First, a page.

The Ice Storm
A Film by Ang Lee
The Ice Storm The new feature from director Ang Lee, is a fascinating reflection of the interplay of individual character, family and society. All of Lee's films have examined the structure of the family, its strengths and weaknesses. It is a subject that clearly fascinates him, through which he offers penetrating insights into human motives and behavior.
His first three films centered on the evolution of traditional Asian "family values" in the modern world. Then he undertook the unsuitable English melodrama of manners Sense and Sensibility, which he managed to elevate beyond the stilted artificiality of its original material by his precise and fascinating focus on the characters and the relationships between them.
In The Ice Storm, he takes novelist Rick Moody's teenager's-eye-view of the effects of the cultural, political and sexual "revolution" of the sixties and early seventies on suburbia, and moves it beyond melodrama and cynical satire to suggest the existance of something essentially good at the core of confused, misguided, suffering human beings.
And his characters are confused. In the background we witness the near melt-down of the American political system that was Watergate. We encounter the perverse percolation of the "counter-culture" ideals of personal openenss and heightened consciousness through media exploitation and suburban alcoholic fog into notions of casual sex and drug use. We see the commercially-inspired meaningless consumption and hopeless conformity that constrict the characters lives.
Lee conjures up a time when a sincere search for meaning, for something more in life than mere prosperity, was exploited and deflected at the same time, in the same way that the Government was explioiting and deflecting criticism by claiming that Watergate was proof that the system worked. But he takes comfort in the idea that, unlike the aborted social transformations of that era, perhaps individual transformations are an irreducible force of our nature, and it is in these small transformations of individuals and families that our real hope lies.
In a period of several days, culminating on Thanksgiving, 1972, ten years and one day after the assassination of JFK, we see all four members of a family make decisions that will shape the course of the rest of their lives, that ultimately reflect a decency and sensitivity that no amount of media bombardment or social pressure can overwhelm. Lee explores the question of where decency-the essential consciousness of right and wrong-originates, and suggests that it may always be available inside ourselves-that in fact it may be our true nature.
As in previous Lee films, there is no preaching here. Lee is not trying to prove a point, but to examine one, and in doing so, he minutely details the context in which character and circumstance come together. These details give the film its exquisite-but never precious-texture, and its powerful sense of authenticity. What we learn, we learn by observing the characters and drawing our own conclusions.
In order for the audience to draw conclusions, however, they must be engaged with the characters. The power of our reaction to the film is in direct proportion to how invested we become in the character's lives. Lee invites us to become involved in two ways: with meticulous attention to creating an accurately detailed background, and with profound sensitivity to and respect for the authenticity of the actor's performances.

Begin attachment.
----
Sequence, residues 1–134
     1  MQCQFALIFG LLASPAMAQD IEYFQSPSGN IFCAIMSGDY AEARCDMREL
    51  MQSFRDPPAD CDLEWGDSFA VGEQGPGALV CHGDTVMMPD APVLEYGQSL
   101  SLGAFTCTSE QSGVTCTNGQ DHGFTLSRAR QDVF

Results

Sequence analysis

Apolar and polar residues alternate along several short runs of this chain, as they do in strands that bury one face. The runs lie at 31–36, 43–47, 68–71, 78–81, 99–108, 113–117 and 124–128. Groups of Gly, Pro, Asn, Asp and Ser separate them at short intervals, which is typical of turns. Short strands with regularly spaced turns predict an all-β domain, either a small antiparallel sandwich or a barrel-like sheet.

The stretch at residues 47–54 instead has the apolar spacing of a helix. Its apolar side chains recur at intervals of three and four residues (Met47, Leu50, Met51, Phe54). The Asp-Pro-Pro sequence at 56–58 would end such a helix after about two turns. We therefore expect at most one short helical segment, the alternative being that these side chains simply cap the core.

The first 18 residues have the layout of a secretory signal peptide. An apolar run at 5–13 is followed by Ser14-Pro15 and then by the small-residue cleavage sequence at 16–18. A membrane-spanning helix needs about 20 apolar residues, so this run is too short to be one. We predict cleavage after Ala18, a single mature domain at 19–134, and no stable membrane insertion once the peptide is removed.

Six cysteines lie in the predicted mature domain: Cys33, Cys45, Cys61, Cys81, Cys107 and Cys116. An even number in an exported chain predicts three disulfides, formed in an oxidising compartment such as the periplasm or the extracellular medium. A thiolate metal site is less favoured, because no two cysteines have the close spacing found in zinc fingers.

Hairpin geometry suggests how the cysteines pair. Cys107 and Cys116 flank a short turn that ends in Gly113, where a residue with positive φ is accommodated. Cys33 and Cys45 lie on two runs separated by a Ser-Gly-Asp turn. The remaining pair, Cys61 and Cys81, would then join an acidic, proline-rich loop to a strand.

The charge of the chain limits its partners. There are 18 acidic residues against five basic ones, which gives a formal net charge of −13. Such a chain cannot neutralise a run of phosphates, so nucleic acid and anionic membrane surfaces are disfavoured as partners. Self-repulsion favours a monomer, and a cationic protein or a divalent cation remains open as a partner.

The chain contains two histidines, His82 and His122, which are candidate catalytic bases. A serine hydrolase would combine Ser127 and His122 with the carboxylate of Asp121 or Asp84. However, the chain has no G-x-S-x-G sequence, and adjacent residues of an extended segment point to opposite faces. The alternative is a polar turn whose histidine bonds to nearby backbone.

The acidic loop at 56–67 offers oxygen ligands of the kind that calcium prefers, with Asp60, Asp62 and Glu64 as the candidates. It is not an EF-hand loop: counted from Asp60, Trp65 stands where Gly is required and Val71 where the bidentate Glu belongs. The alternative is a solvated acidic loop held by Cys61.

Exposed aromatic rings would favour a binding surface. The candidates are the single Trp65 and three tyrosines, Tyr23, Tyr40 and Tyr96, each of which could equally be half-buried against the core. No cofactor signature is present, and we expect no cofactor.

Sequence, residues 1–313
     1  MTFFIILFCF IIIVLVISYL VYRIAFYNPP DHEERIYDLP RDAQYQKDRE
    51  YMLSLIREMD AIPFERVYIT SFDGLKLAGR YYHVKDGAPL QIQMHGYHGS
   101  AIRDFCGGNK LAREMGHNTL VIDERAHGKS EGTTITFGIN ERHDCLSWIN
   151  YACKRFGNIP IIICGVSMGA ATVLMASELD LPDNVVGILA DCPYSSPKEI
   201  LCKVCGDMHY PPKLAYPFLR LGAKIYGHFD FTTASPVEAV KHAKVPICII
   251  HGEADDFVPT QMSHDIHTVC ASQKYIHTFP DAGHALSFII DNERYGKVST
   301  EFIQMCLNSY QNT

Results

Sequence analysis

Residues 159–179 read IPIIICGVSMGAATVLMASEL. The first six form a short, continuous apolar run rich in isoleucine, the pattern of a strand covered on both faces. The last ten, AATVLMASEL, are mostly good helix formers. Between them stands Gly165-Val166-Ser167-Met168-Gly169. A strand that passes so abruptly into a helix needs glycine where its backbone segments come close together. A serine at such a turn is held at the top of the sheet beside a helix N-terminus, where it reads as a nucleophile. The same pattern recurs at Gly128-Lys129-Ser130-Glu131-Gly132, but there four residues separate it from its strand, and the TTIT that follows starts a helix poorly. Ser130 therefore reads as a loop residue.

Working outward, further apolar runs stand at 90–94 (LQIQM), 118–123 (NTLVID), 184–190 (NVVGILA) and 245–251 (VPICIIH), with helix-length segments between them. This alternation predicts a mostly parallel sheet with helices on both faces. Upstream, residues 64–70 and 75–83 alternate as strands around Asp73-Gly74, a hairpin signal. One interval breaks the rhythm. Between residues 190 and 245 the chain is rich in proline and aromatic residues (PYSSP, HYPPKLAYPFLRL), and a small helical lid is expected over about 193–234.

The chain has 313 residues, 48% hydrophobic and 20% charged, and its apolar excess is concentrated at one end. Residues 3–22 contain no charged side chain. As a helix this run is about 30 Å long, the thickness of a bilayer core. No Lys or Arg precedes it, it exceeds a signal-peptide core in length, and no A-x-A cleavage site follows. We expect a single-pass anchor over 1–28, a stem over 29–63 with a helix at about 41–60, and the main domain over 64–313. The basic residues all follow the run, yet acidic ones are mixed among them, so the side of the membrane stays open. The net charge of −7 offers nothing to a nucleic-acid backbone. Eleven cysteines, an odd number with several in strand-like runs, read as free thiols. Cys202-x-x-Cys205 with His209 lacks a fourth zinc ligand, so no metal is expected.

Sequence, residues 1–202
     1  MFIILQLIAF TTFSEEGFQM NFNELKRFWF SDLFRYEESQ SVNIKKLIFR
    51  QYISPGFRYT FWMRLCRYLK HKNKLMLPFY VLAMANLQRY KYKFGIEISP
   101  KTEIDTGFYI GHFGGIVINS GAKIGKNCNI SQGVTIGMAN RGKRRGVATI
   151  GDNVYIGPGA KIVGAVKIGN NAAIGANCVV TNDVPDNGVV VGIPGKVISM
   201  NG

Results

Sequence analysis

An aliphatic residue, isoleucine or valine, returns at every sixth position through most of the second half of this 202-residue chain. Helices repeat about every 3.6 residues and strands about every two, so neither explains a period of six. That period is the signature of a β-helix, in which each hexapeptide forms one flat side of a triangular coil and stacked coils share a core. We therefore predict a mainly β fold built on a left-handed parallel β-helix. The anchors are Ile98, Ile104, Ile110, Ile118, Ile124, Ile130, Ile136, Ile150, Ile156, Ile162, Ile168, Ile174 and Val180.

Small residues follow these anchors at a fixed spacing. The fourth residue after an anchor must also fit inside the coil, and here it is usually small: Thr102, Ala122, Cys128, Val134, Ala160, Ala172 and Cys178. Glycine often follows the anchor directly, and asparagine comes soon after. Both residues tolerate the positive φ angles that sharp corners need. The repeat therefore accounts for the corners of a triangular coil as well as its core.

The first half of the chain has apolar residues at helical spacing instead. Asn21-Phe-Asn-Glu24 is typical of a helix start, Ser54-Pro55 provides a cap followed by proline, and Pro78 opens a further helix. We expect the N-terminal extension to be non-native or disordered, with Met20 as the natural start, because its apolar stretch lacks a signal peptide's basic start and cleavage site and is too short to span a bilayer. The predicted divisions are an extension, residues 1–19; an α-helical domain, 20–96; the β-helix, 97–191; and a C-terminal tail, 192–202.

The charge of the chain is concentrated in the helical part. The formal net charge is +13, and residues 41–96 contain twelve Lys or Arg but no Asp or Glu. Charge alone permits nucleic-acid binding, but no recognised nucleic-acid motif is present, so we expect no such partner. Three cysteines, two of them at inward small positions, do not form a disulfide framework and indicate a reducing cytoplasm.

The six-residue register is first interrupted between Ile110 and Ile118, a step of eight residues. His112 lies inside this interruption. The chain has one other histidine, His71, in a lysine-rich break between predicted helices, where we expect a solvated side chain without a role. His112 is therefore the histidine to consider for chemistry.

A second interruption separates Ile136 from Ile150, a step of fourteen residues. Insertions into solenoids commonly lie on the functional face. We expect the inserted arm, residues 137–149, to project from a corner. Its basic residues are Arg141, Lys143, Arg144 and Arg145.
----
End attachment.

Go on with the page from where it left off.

As director, Lee must get some credit for assembling and co-ordinating a talented team that creates a substantial, believable evocation of the times without any sense of "look-what-I-can-do" cuteness. Production Designer Mark Friedberg, Director of Photography Fredrick Elmes, Costume Designer Carol Oditz, Music Director and composer Mychael Danna and their crews fabricate a structure that is absolutely convincing-not the actual world, but the world as it appears to the characters. It has more than historic authenticity, it has a hallmark of Lee's work, emotional authenticity.
Through this world move characters created by actors at their best-relaxed, intelligent, daring and vulnerable. Lee must get some credit as well for maintaining an atmosphere in which they-especially his important teen-age cast members-can give these kind of performances. Credit is also due to the actors themselves.
Joan Allen ought to win an Oscar for her performance here and Kevin Kline could also be a contender. Christina Ricci suggests the depths of adolescent confusion and compassion with a sincerity actors her age almost never manage. Sigourney Weaver gives another of the startling, subtle performances that make her one of the few actresses of her generation whose work will have lasting value. The supporting players all add their part to the unfolding story with a consistent honesty that must have been at least encouraged, if not inspired, by Lee.
The small gestures of this film work as well as the broad strokes. Infact, the broad strokes only work because they are supported by the details. An image of a milling crowd of commuters, compressed by a telephoto lens looks like a herd of restless, trench-coat-wearing herbivores in a nature documentary. Sigourney Weaver's face, half-smothered in bedding as she wakes to a confusion we know will become a shattering knowledge, is a powerful image of tragic helplessness. A talking action figure with only one message left in him evokes both the futility and meaninglessness of the Vietnam War and the develpoment of technology that intrigues,but in the end has nothing meaninful to say.
Ang Lee has already proved that he is a focused, competent, sensitive film-maker. With this film he develops both his craft and his dramatic range, to take his exploration of mysteries of individual consciousness and human interaction to a new level of intensity and clarity. It is an expedition well worth joining.
That's my take on it. What's yours?